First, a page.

I recently spoke with John Paterson, IBM’s chief procurement officer, about a new, smarter supply chain initiative called Supplier Connection that IBM is announcing on September 14. We talked about the potential a smarter supply chain holds for small business suppliers and large corporate buyers. And we explored how building a smarter planet means using smarter systems to create new business and employment opportunities.
Q: Tell me a bit about the problem with today’s supply chain from a small business’s perspective.
Paterson: It can be very challenging for small businesses to become suppliers to large companies today. The application process can be quite daunting, especially when you are talking about small businesses that can’t afford to dedicate resources to manage through that process. The challenge becomes really intimidating for a small business if they want to become suppliers to dozens of large corporations, each with their own specific application forms, formats and requirements. Then you are talking about a major investment of time, money and expertise that most small businesses simply do not have. And since small businesses are the primary source of overall economic growth, there is an even bigger opportunity if this situation can be improved.
Q: So what’s the solution?
Paterson: We think at least part of the solution is to accelerate and streamline the application process – to make that process smarter. Nearly all procurement offices seek the same data, but companies collect that data in different ways, using varying formats.
So IBM, with the help of several other large companies from a variety of industries, is launching a free Web site, called Supplier Connection, that will be a central portal for small businesses to connect with the supply chains of large corporations.
The consortium of companies (which includes AT&T, Bank of America, Citigroup, Pfizer, and UPS) has agreed to use the portal to standardize and simplify their application processes. It will provide small and mid-sized suppliers with a single, streamlined electronic application form that can be filled out just once to potentially become suppliers to all the participating companies.
Q: Isn’t this something that the government could fix? How can corporations make a difference?
Paterson: It’s not enough to wait for government action. Corporations like the ones supporting Supplier Connection can provide real leadership and innovation. Government can certainly provide stimulus funds, tax breaks and better access to capital. But small businesses need access to both capital and new markets. And we think a bottleneck in accessing new markets is in the supply chain processes. For small businesses, there is no more stable or significant market than the supply chains of large businesses.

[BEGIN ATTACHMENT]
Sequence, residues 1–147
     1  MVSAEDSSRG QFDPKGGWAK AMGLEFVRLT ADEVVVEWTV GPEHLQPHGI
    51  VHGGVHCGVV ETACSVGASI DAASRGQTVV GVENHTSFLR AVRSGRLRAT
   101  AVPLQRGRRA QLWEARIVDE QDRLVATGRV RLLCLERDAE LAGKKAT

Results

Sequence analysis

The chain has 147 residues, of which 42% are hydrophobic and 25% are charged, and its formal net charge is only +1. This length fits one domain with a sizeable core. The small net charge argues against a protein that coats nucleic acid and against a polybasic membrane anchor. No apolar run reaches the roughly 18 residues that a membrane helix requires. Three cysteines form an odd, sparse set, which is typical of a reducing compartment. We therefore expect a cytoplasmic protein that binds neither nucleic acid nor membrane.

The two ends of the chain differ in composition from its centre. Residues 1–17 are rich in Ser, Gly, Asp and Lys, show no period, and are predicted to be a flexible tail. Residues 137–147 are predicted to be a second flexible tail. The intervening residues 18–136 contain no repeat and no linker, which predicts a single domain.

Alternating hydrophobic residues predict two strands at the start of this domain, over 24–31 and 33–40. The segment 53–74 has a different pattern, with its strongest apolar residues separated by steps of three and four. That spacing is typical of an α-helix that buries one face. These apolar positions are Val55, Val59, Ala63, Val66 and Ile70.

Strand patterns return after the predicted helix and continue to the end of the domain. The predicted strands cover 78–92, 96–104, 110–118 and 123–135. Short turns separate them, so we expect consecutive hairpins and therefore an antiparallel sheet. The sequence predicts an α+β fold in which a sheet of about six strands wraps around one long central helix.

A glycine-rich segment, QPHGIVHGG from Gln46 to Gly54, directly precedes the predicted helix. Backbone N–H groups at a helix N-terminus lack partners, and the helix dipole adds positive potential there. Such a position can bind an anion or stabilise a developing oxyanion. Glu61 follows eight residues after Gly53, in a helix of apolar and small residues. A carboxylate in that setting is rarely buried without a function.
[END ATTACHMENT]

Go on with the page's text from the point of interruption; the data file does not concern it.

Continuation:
Q: What you’re describing sounds like a specific smarter system, but what’s the implication for building a smarter planet?
Paterson: Smarter planet is about addressing the problems and challenges gripping the world. One of those challenges is creating a smarter supply chain. Supplier Connection will help do that by allowing small businesses to connect with one another to work to meet the goals of the large companies.
But you’re right, smarter planet isn’t just about making the world’s systems instrumented, interconnected and intelligent. It isn’t just about making a system smarter; it is also about what you do next to unlock the full potential of those smarter systems. What are the issues and responsibilities that arise from that? Things like security, sustainability, transparency and job creation. Smarter planet is about using smarter systems to make economic activity more efficient, productive and nimble and to create new business and employment opportunities.
Q: You’ve been speaking with the Center for an Urban Future about those issues. What are some of the findings from their research, and how did those findings inform IBM’s plans for Supplier Connection?
Paterson: Their work highlighted the fact that becoming a supplier to large, multinational corporations is the engine of growth for small businesses, and that small businesses are, in turn, the engine of growth for the overall economy. The Center for an Urban Future’s study found that small firms can double their revenues and significantly increase their workforce after becoming a supplier to a large corporation. And their study confirmed that small businesses almost single-handedly sparked economic recovery during previous recessions.
Q: More specifically, what are the benefits small businesses can achieve through Supplier Connection? And what about large corporations like IBM?
Paterson: For small businesses, what we’re talking about is one-stop-shopping, enabling them to sell goods and services to a significant number of large companies. They can also take advantage of collaboration tools to work with other small and mid-size companies, and get on-line training, technical assistance and support.
Large companies will gain access to a broader and more cost-effective group of suppliers. And we think this exposure to new small and innovative suppliers will also help the larger companies to embrace innovation and change.